Besides being the first song written for the album, this also happens to be the first song I wrote after getting a delay petal. I usually shy away from writing anything that can’t be duplicated with an acoustic guitar with no pedals, but this is one song that simply doesn’t sound as good without the effect on.

After we sat down to fully arrange this song for recording—which I’ll admit was a couple months after we started practicing it and playing it live—Jen’s part became much more focused on expansive, padded chords, and this helped the song breathe more. Tim’s drum part is another nod to Zeppelin, and one of the drum parts we wrote that I really felt pushed us past standard rock-and-roll and folk-rock fare. I’m not the most creative when it comes to drum parts, and it took a long drum arranging session in which Tim must have tried every possible combination of a small kit available to find what we wanted.

The Recording

The reason I was so happy with this recording is that so much was done via subtraction. We tend to do the “everyone play at once” thing in a lot of our songs, common in folk music and older rock-and-roll. Here, the focus is on several percussive parts: the drums, the kickback from the delay on the guitar, and the mandolin.

The mandolin doesn’t sound like a mandolin for most of the song. It’s the clock-like sound you hear. I used a palm mute (that’s where you partially mute the strings with the palm of your hand to prevent them from ringing out), and the natural woody percussive nature of a mandolin becomes very apparent when you don’t hear some pretty notes from the strings.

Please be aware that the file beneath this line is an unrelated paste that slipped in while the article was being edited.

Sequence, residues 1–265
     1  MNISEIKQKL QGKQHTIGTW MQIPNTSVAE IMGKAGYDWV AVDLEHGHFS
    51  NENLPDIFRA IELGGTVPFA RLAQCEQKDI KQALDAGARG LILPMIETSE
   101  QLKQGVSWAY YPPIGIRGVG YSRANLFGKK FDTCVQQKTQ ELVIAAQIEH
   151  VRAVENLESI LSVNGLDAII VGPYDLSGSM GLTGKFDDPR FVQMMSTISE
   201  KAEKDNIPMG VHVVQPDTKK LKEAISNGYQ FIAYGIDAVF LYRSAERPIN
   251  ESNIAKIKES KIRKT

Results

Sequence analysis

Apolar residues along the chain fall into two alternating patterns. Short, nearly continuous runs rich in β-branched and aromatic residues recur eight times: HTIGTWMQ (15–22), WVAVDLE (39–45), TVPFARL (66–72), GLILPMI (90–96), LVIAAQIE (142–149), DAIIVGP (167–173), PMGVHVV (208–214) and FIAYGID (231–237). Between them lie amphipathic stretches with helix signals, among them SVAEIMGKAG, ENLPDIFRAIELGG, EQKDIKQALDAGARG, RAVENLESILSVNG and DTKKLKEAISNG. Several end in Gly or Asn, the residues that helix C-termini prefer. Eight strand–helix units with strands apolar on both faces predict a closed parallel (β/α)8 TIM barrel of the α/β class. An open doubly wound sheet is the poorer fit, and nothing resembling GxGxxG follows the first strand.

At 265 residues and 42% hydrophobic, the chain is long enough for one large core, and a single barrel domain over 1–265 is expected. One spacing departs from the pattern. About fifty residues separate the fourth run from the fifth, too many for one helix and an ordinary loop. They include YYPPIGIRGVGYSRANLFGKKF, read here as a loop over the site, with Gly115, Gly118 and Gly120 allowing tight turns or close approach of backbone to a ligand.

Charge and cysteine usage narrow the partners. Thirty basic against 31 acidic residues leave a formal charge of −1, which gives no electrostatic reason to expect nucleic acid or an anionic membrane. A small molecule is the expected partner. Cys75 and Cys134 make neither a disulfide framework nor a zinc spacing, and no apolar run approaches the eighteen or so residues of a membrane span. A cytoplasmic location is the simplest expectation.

Unlike the delay in “(It’s Not) 1962,” the guitar delay here is not meant to sound like a doubling or cascade but is used purely for drama. So it was fine to use the actual delay pedal in the studio, although we did try to get the delay as close to the click as possible so it wouldn’t mess up the timing.

Analog delay pedals, unlike digital, work by essentially refeeding a note back through; they do what’s known as “self-oscillation,” where you can create an endless loop. The pedal will get continuously louder as this happens, but you can control it by fiddling with the dials. We didn’t use it for endless looping, but you can hear very clearly when it’s done a kind of “knocking” noise that is always present in the delay. Here’s a youtube video of a delay pedal similar to mine that demonstrates very clearly this effect so you can hear it:

This effect added a little more “tick tock” sound.

After laying down Tim’s drum parts, it was a matter of overlaying the remaining elements in a way that didn’t distract from these essential bits. The second guitar solo was originally twice as long as it is now, but we edited it down (and distorted it quite a bit) so that we could have a section that was nothing except the drums and mandolin.